Which brings us to…
#2 Reasons What Your Sales People Tell You About Your Leads and Your Marketing is WRONG – Can’t measure sales results from leads any better than you can
It’s really all about the quality of the lead. If you’re not using contact management software or a CRM solution to track the leads by source and tie that to results, then you can bet your sales people aren’t either. Sure, you probably have one or two sales people on your team that tell you they use Outlook or contact management systems like ACT! or Goldmine to track the leads you give them but, the fact is that’s not really their job as you’ve defined it and so, it’s likely to get inconsistent attention at best.
Even if you are using an online CRM to capture contact information for all leads that come in, where it came from and which sales person it was given to and your sales people are adding in the actual results once they make contact with the lead, it’s probably not happening all the time. If a sales person is given 100 leads in a month and they forget to log in the results for 5 or 10 of them, it can skew the analysis of this information tremendously.
What you want to know is how many leads came in, tied to each marketing channel and whether they were qualified and if they made a purchase. Seems simple doesn’t it? It’s simple for your CRM system to give you a nice analysis of this information but, it’s another thing to get to the point where you have it all in one place so the analysis can begin. If you’re not using any kind of CRM today, just try and track the leads that come in next month. If you are using a CRM solution already, you know what I mean.
You may be able to capture and track all leads that come in via your website. You may even have the front office trained to track all the call ins that happen when your ad runs in the local business journal. But what about referrals or trade show leads? Those go straight into your sales people’s hands… Even once you’ve figured out how to capture all the leads, it’s getting a good read on the quality of those leads that’s key. And it’s the most difficult part of the equation.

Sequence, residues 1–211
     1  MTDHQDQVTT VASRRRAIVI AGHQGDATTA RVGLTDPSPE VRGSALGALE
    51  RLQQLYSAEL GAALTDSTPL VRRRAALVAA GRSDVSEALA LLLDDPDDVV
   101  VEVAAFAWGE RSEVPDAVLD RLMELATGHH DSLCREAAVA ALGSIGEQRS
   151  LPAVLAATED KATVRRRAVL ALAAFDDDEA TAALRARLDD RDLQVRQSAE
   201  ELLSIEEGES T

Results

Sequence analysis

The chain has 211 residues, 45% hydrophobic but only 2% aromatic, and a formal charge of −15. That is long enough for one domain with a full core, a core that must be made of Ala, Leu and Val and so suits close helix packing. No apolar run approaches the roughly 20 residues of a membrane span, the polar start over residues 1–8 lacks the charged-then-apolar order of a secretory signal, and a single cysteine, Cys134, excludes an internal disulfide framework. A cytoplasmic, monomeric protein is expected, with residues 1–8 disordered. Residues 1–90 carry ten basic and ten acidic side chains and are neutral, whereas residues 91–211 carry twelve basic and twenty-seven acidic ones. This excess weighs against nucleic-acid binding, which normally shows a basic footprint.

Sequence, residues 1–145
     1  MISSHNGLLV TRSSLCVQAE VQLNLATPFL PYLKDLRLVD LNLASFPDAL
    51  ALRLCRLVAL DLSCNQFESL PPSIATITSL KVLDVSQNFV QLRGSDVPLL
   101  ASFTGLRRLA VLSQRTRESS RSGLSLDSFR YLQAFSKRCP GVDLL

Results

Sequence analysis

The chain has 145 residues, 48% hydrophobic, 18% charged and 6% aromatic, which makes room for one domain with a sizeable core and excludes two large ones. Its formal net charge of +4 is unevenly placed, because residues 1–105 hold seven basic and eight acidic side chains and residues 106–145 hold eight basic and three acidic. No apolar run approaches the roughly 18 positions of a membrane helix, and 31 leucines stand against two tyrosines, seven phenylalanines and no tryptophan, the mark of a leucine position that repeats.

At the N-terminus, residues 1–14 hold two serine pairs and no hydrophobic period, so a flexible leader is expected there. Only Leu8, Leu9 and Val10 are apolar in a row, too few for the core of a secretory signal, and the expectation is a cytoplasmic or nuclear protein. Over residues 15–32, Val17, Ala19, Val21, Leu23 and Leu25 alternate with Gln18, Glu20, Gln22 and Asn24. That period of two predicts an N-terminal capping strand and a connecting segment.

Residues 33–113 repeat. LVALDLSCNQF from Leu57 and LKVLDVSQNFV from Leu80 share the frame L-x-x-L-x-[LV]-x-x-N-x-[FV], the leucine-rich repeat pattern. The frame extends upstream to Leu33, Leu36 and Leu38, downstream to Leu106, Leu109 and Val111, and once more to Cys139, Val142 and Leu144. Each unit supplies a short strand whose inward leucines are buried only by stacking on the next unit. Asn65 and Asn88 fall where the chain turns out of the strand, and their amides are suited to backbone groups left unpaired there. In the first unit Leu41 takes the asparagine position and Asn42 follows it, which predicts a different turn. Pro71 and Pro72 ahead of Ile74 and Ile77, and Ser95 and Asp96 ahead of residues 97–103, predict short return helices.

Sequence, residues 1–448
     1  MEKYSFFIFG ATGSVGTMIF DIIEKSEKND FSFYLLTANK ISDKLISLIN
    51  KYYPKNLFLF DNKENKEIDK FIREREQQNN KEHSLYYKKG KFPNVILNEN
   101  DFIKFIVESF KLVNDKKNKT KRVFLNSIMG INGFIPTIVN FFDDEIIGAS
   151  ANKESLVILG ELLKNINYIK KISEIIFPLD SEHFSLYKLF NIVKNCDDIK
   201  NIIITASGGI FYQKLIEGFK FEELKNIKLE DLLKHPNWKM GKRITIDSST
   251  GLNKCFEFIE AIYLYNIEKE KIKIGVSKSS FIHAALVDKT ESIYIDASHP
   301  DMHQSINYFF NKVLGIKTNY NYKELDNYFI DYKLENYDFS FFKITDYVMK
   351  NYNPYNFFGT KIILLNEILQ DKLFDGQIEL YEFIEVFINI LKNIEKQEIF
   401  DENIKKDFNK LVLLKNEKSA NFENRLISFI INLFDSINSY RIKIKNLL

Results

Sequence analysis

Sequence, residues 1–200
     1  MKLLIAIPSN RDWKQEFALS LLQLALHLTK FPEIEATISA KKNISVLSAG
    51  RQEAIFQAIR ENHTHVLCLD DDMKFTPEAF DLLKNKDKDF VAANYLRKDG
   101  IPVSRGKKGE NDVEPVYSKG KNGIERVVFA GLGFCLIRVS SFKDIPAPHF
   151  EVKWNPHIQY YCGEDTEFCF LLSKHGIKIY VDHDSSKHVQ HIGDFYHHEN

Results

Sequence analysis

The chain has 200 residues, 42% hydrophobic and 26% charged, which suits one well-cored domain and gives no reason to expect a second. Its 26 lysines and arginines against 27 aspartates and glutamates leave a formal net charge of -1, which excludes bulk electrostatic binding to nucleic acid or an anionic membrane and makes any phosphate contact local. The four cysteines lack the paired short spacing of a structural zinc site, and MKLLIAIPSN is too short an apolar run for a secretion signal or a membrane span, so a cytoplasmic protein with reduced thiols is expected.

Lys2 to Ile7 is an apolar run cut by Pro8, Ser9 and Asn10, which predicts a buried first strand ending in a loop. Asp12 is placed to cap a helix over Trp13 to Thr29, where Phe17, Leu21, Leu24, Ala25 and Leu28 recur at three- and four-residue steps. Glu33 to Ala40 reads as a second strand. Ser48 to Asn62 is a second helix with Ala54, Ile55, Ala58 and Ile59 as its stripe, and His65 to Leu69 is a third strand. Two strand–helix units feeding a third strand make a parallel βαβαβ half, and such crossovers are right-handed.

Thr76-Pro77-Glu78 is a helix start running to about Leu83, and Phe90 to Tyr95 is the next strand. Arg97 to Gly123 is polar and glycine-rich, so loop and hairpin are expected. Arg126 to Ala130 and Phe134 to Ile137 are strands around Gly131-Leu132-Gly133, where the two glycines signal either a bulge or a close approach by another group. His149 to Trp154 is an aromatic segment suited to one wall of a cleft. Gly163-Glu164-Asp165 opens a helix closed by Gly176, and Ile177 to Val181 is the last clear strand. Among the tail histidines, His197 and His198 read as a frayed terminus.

After all, it has to be objective for it to be really useful. Just like your sales people will have a tendency to see volume as good for its own sake, they’ll also have vague “feelings” about the quality of leads from certain sources that have more to do with the difficulty of getting in touch with those leads and generating the first real conversation about need than anything else.
To make it work you have to boil down lead “quality” to a series of objective measurements. Are they in the right industry for you? How much are the currently spending on products or services like yours? Maybe for you it’s as simple as how many employees they have or what their annual revenue is or how much they spend on telecom each month. For many small businesses trying to carve out a niche for themselves, it has to be much more specific.
If you’re using a contact management system or CRM solution, put fields in the system for your staff to enter the answer to these questions. If not, use a spreadsheet or even a printed “lead sheet” with blanks to input these answers. This way you’ll be able to measure leads based on each of these criteria and you’ll know which of your sales people just aren’t asking the right questions.
Remember, this is the 4th chapter in our newest eBook, “Build Your Own Automatic Selling Machine”. Register to receive each new chapter as its released and the entire eBook when complete, free here.